Mozilla Open Source PKI projects

Currently, the software application that makes most use of PKI technology is the WWW browser. This importance was realised by Netscape and has lead to the creation of two libraries to aid the unified support of cryptography and security for both the browser and server software. These libraries are the Network Security Services (NSS) and the Personal Security Manager (PSM) and provide the functionality of a PKI.

These libraries are also plagued with the export–control regulations and currently it is under consideration to receive an export license. However, in this case, there is an additional problem with the patents and the licenses that covers parts of the cryptographic software that makes the release of the source code even more difficult. Currently, the source code distributed does not contain the full functionality and thus, cannot be compiled. The result of this procedure remains to be seen. On the other hand, binary version of these libraries are both available and exportable from the US. For more information on the licensing and crypto issues, there is an appropriate Mozilla Crypto FAQ.

These libraries (with the exclusion of code on crypto and patented components by third–parties) are covered by the Mozilla Public License and the GNU General Public License. The use is free to choose under which of the two licenses to use the source code, either the MPL terms or the GPL terms.

Personal Security Manager (PSM)

Personal Security Manager (PSM) is a client-independent desktop security module. It performs PKI operations on behalf of desktop client applications, including certificate and key management, SSL, S/MIME, cryptographic token support, and centralized administration.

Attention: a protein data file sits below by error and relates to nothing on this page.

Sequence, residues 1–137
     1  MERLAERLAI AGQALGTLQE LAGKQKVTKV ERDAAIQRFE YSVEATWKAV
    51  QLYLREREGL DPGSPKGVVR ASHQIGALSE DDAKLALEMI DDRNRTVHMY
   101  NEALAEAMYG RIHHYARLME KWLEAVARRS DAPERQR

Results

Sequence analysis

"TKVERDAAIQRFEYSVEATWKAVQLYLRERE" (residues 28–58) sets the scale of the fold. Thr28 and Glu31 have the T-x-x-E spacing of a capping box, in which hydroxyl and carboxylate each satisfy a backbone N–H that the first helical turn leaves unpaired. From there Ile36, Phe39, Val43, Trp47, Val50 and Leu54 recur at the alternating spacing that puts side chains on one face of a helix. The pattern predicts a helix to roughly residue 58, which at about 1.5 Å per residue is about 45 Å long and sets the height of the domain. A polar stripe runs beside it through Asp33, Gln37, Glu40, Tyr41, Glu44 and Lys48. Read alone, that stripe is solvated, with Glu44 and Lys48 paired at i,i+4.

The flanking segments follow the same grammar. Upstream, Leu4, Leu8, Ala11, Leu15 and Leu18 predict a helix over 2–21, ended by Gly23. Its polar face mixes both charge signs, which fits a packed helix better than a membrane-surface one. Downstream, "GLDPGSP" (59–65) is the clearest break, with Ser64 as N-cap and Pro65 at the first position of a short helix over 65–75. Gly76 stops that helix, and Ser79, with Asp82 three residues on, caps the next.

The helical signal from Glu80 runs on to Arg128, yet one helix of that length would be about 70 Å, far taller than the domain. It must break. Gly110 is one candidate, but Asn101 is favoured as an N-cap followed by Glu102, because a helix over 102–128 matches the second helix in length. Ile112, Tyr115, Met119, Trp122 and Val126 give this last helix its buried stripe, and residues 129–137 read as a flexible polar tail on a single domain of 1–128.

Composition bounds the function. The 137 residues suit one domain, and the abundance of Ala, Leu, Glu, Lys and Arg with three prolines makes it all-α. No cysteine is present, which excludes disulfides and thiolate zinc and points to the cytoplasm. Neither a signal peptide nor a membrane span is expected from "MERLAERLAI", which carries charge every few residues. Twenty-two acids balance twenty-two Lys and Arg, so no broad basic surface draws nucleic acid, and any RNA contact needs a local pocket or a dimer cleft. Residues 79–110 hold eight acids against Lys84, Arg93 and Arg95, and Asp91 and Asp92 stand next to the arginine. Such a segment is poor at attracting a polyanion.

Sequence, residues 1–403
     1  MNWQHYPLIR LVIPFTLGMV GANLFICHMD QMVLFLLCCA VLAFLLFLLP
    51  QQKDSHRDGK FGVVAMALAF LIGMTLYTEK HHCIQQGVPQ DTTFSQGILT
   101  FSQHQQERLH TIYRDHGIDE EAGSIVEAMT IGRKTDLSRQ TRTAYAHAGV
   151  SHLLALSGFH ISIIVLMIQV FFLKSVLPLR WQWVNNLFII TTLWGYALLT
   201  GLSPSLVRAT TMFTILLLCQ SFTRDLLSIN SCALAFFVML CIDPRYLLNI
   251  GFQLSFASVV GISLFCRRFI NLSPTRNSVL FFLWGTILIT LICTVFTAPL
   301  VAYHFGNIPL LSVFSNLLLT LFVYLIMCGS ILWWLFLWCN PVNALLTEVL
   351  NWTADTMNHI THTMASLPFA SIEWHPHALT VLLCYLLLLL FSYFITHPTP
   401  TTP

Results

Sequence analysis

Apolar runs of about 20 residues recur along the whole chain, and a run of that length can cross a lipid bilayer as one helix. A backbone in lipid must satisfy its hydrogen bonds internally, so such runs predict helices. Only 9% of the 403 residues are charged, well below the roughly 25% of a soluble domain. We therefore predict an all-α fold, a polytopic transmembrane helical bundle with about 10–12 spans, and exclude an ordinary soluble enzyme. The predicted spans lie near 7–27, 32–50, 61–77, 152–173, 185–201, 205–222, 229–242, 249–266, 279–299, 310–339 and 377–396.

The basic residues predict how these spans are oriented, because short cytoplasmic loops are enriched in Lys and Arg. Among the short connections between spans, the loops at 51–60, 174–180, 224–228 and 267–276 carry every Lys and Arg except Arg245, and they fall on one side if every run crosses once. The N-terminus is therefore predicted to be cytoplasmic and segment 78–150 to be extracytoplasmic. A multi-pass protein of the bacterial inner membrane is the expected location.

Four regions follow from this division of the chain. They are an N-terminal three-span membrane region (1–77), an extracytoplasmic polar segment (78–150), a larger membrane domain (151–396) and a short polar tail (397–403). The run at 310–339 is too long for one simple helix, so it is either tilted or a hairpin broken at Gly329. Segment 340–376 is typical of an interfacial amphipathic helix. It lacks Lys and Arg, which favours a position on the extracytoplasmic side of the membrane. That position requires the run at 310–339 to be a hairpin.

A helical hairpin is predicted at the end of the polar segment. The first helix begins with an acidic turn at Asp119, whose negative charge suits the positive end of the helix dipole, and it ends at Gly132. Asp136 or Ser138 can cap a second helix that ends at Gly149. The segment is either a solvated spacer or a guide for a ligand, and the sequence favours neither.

More information can be found at the Personal Security Manager (PSM) WWW page.

Network Security Services (NSS)

Network Security Services (NSS) is a set of libraries designed to support cross-platform development of security-enabled server applications. Applications built with NSS can support SSL v2 and v3, TLS, PKCS #5, PKCS #7, PKCS #11, PKCS #12, S/MIME, X.509 v3 certificates, and other security standards.

More information can be found at the Network Security Services (NSS) WWW page.

JavaScript API for Client Certificate Management

As part of the Personal Security Manager, a new JavaScript API for Client Certificate Management has been implemented. The effect of this is that specific client PKI functionality can move to the browser, allowing implementations like the Section called The OpenCA Project[TODO] and the Section called The pyCA Certification Authority to fully take advantage of it.

This is the functionality supported by PSM version 1.0.

  1. User fill out enrollment form.

  2. User action initiates script (for example, pressing submit).

  3. The script calls the key–generation method.

  4. Encryption and Signing key–pairs are generated.

  5. The Encryption Private Key is wrapped with the the public key of the Key Recovery Authority (KRA). The public key of the KRA is passed in in the form of a certificate as part of the script and is checked against a pre–installed certificate copy in the local certificate database.

  6. Both the Encryption and Signing Public keys, the wrapped encryption public key and a text string from the script are signed by the user's Signing Private Key. The text string can contain naming or enrollment information.

  7. The signed information is returned to the script (from the PSM).

  8. The script submits the signed information and other necessary information to the CA/RA.

  9. The CA/RA verify the signature of the signed information.

  10. The CA/RA validate the identity of the user.

  11. The CA/RA sends the wrapped Encryption Private Key to the KRA.

  12. The KRA sends escrow verification information back to the CA.

  13. The CA creates and signs the certificates.

  14. The CA sends the created certificates back to the PSM–capable browser.

  15. The certificates are stored.

More information can be found at the JavaScript API for Client Certificate Management WWW page.